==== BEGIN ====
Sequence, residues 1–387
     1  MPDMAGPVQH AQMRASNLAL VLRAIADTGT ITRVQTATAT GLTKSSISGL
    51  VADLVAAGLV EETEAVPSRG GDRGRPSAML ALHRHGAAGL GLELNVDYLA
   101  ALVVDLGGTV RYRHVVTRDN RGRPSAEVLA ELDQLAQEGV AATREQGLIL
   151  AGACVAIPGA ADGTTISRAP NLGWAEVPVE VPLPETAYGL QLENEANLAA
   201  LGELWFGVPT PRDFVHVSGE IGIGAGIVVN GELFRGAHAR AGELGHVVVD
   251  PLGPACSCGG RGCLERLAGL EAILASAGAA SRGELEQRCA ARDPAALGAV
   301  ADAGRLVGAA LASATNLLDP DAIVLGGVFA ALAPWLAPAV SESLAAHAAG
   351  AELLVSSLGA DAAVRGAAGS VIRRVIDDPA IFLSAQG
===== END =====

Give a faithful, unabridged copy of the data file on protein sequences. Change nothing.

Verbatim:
Sequence, residues 1–387
     1  MPDMAGPVQH AQMRASNLAL VLRAIADTGT ITRVQTATAT GLTKSSISGL
    51  VADLVAAGLV EETEAVPSRG GDRGRPSAML ALHRHGAAGL GLELNVDYLA
   101  ALVVDLGGTV RYRHVVTRDN RGRPSAEVLA ELDQLAQEGV AATREQGLIL
   151  AGACVAIPGA ADGTTISRAP NLGWAEVPVE VPLPETAYGL QLENEANLAA
   201  LGELWFGVPT PRDFVHVSGE IGIGAGIVVN GELFRGAHAR AGELGHVVVD
   251  PLGPACSCGG RGCLERLAGL EAILASAGAA SRGELEQRCA ARDPAALGAV
   301  ADAGRLVGAA LASATNLLDP DAIVLGGVFA ALAPWLAPAV SESLAAHAAG
   351  AELLVSSLGA DAAVRGAAGS VIRRVIDDPA IFLSAQG